8. maxdunbar said,

    Thing is in my experience people may dislike immigration in general – but if they know one he’s okay.

    In my local a couple of months ago, a guy came in and started harassing these Muslim guys who were having a pint. He was shouting ‘get back to your own country, Abdul,’ and all sorts.

    Everyone in the pub got up and defended the Muslim guys and the harrasser ended up being kicked out.

    I’ve also met employers in my area who make representations to the Home Office against deportations of migrant employees.

    This in a white working class area with a lot of social problems.

    We still have to win the economic argument but the fact is, when immigrants come into an area, people get on with them.

  9. Alan Laurence said,

    Max:
    That is not always true. Ive worked in heavily conflicted neighbourhoods where there seemed to be no carry over between liking one black guy and hating the rest and the very idea of immigration.
    The economic argument – as outlined by PWC might be a handy tool in some circumstanced but:
    a. Ive no idea how it holds up in post crunch uk
    b. it doesnt play well in areas where there are three generations of unemployment
    c. doesnt it rather beg the question: what would you say if the economic conditions change?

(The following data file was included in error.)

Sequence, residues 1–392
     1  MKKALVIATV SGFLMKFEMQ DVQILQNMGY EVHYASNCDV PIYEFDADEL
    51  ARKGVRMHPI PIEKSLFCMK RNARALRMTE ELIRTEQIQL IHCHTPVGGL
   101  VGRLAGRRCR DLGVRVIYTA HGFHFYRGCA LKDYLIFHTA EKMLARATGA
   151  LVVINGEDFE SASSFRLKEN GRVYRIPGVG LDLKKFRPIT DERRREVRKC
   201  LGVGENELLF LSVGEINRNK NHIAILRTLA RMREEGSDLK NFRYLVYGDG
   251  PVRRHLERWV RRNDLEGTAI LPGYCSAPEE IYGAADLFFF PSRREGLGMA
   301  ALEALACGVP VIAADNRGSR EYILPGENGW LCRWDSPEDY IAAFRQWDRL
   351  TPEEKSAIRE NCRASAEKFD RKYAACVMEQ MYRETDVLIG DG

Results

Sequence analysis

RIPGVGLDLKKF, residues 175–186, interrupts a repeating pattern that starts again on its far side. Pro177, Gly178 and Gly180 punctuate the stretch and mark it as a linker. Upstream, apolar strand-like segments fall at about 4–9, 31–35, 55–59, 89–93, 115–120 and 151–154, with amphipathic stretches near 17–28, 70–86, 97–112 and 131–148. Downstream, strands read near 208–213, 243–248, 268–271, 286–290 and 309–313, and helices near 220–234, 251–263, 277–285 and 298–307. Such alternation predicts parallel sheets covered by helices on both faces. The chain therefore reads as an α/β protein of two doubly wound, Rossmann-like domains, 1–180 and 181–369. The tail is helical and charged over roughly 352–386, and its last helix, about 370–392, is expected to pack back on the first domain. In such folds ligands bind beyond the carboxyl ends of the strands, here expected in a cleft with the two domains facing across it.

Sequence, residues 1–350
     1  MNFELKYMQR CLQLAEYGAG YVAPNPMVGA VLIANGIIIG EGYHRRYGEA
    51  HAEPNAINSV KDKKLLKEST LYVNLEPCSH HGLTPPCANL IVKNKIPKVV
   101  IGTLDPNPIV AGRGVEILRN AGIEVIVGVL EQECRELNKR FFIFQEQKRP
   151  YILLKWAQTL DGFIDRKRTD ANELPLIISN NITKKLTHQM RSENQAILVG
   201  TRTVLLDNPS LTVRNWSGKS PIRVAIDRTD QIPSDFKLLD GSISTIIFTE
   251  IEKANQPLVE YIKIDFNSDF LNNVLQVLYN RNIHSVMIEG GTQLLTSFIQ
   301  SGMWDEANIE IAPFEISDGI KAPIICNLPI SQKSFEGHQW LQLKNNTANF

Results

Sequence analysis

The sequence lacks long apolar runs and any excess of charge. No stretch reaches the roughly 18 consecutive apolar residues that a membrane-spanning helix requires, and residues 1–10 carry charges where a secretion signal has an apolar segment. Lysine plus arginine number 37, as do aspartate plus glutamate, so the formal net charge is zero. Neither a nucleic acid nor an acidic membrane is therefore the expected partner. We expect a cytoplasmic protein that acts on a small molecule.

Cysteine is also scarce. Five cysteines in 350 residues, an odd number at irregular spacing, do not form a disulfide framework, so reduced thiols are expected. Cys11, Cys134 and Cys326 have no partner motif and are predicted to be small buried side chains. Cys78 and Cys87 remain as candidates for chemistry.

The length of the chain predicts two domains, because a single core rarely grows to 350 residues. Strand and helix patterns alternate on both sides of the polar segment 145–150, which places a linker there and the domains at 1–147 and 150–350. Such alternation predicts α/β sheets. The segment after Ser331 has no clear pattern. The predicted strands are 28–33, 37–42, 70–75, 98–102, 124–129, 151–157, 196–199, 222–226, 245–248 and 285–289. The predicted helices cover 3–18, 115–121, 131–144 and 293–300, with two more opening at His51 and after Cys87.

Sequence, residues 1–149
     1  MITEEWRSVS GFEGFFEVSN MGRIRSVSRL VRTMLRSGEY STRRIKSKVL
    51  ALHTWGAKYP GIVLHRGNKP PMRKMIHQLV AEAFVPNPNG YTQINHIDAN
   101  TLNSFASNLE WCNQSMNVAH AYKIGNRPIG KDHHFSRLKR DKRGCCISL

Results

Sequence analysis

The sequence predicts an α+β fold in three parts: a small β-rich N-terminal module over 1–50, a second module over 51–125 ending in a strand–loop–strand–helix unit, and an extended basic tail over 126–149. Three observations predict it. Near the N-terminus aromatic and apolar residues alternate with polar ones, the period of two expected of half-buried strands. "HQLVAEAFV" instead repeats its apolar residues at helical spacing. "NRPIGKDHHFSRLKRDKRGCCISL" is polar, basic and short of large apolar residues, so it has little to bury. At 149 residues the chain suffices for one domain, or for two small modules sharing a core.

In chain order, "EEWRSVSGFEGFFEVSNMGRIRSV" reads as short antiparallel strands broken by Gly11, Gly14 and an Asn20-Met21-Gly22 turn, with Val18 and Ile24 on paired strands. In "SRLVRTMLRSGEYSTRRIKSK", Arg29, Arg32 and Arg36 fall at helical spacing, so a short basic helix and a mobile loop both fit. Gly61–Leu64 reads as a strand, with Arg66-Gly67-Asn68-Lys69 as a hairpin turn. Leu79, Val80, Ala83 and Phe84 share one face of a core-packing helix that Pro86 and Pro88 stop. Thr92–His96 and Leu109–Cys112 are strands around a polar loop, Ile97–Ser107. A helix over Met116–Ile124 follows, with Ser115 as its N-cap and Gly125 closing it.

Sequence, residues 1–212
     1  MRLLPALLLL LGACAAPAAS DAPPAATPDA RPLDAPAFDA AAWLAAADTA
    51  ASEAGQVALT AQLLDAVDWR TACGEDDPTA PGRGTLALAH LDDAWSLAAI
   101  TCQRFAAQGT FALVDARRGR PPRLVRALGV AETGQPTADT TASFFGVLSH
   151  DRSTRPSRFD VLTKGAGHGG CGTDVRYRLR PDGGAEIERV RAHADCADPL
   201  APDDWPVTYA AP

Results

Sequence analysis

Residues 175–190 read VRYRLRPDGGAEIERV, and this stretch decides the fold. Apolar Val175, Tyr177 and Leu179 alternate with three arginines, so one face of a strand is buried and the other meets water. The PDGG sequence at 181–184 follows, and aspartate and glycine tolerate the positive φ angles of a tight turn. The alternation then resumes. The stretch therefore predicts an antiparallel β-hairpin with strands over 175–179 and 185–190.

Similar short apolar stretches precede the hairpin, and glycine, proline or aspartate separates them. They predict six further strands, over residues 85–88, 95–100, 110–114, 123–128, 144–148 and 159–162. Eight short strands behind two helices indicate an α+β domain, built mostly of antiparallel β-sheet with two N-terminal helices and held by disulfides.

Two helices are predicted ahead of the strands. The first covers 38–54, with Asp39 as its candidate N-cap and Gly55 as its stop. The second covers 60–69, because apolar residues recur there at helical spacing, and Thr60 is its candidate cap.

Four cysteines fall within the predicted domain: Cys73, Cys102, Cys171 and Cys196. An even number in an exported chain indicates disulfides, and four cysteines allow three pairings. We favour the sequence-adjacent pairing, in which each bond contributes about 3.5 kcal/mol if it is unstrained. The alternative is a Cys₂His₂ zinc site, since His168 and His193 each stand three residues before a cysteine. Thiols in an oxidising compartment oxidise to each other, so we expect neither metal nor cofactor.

d. it maintains a divsion between ‘us and them’

  10. maxdunbar said,

    Good points Alan, we need to take into account the recession et al. I would be interested to see Phillip Legrain’s take on immigration and the credit crunch.

    Our experiences are obviously very different but I can tell you that there are three generations of unemployment here in Salford as well. But people see that these migrants want to work and do work.

    Points three and four are insightful and I had not considered it from these angles at all. I would accept migrants fleeing persecution no matter the economic conditions. If migrants made no contribution whatsoever to the economy then the wailing tabloid morons might have a point. But they do and they don’t.

    Point four is bang on. We need to hammer home the message that, as Greg Palast said, ‘it’s not where you’re from that counts – it’s where you’re going.’

  11. Alan Laurence said,

    Ive worked in Salford. Im sure a poll in Salford would show that people think there is a problem with immigration.

    It cant be right to assume there is not a problem of working class racism – there is even though it is not (yet) politically mobilised.

    I struggle with the idea that immigrants – other than asylum seekers – have to be economically productive before we give them the green card. It seems a hostage to fortune…

  12. maxdunbar said,

    I’m only speaking from my experience in Salford. Naturally there is working class racism, but I don’t think it is as prevalent as people think. The BNP class composition showed professionals as well as manual workers.

    The whole thing about migrants not being able to work is the nub of the matter. If they were allowed to work problems would be halved.

    Mind, they can’t win: either they are working (and taking our jobs) or not working (and screwing the benefit system).